Salmonella in headcheese leads to plant closure – 3 weeks later

Have Canadian officials resolved their federal-provincial-local turf issues involving food safety outbreaks with clear guidelines on when to issue public warnings and a clear commitment to place public health above corporate interests?


The latest rolling recall involves products made by Toronto-based G. Brandt Meat Packers Ltd.

The British Columbia Centre for Disease Control got things rolling on July 14, 2010, when it confirmed 10 cases of Salmonella Chester in residents who consumed headcheese which had been purchased from various stores throughout the province from mid- to late June.

Headcheese is a deli product made from meat from the head of a pig, combined with gelatin and spices.

All anyone would say at the time was that B.C.’s Freybe Gourmet Foods Ltd. was voluntarily recalling the product, which was produced by a third-party manufacturer.

On July 22, 2010, the mystery manufacturer was indentified as the feds and Brandt announced there were now 18 people sick and people shouldn’t eat headcheese from Brandt.

On July 28, 2010, the Canadian Food Inspection Agency issued an alert advising Canadians not to eat Freybe brand Ham Suelze – Frebe being the same distributor of the salmonella headcheese – but no mention was made of who produced the mystery ham, and CFIA added there were no reported illnesses associated with the consumption of this product.

I’m guessing the Toronto Star made some phone calls, and on Saturday published a story reporting that G. Brandt Meat Packers Ltd. was closed for cleaning and that, “all Brandt cooked meat products bearing Establishment number 164 produced from May 30 up to and including July 30 are affected” and were potentially contaminated with either salmonella or listeria or both.

Later on July 31, CFIA published a huge list of recalled products all from the Brandt plant, and said the products may be contaminated with “foodborne pathogens” and insisted again that no one had gotten sick.

So later on July 31, 2010, the Public Health Agency of Canada issued its own release, stating,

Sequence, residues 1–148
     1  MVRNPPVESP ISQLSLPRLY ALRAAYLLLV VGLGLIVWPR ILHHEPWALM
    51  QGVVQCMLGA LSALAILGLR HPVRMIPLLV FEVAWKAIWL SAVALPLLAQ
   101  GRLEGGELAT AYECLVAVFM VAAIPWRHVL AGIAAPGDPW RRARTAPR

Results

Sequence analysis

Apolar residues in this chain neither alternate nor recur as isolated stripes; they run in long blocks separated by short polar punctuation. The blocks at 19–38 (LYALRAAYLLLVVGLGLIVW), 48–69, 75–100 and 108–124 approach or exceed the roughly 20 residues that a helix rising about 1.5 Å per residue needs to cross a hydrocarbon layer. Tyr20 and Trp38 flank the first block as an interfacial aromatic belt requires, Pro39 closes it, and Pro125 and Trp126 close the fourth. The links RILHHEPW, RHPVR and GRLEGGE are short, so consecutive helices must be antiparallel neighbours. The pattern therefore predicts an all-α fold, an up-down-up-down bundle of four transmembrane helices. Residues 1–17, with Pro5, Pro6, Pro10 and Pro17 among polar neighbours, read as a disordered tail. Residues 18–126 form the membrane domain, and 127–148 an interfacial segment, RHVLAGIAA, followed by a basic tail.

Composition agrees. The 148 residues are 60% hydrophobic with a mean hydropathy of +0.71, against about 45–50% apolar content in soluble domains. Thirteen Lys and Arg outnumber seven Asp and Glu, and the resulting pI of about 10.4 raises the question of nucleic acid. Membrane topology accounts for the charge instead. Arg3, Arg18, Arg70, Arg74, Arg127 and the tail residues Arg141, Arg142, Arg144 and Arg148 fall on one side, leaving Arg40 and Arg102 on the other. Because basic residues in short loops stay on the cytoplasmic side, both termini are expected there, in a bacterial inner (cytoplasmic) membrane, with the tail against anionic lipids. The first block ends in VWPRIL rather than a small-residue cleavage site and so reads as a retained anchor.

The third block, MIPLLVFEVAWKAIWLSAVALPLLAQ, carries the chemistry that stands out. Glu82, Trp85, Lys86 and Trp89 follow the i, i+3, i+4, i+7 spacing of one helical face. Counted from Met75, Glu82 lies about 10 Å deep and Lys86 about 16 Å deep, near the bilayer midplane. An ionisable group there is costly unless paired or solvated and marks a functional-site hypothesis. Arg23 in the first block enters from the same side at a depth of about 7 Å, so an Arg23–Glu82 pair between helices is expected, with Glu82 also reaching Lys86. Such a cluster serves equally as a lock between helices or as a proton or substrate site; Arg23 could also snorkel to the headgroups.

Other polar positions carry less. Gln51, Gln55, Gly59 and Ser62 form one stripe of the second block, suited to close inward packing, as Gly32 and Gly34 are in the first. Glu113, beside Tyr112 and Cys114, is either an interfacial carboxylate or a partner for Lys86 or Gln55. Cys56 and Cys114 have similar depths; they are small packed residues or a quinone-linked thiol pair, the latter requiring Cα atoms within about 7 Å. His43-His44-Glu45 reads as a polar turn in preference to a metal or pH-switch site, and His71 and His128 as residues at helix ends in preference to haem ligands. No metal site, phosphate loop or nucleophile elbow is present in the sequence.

“The Public Health Agency of Canada and the Canadian Food Inspection Agency (CFIA) is advising Canadians to avoid eating the cooked ready-to-eat meat products manufactured by G. Brandt Meat Products Ltd. listed in the CFIA recall notice.

The only illnesses associated to date with Brandt products have been caused by Salmonella Chester in Freybe brand headcheese.

Avoiding eating these products is especially important for Canadians at high risk of getting seriously ill from food-borne (sic, other agencies spell it foodborne) illness:
People 60 years and older.
Very young children.
People with weakened immune systems, such as those undergoing cancer treatment or who have HIV/AIDS or other chronic medical conditions.
Pregnant women, due to risk of harm to the fetus.

Besides terrible grammar, why hasn’t PHAC, or Health Canada, or CFIA said anything about the morons at Toronto’s Sick Kids’ Hospital who said that pregnant women could eat all the cold-cuts and ready-to-eat foods they want. This is wrong and dangerous.

A cluster of Samonella Chester was made publicly known by B.C. health types on July 14. It took until on or about July 30, 2010, for the feds to shut down the Toronto-based manufacturer. My guess is the plant had serious food safety issues. But that’s just a guess. The bureaucrats will never tell Canadians. And if they do, they’ll obfuscate, delay, patronize and pander.

Or just get it wrong.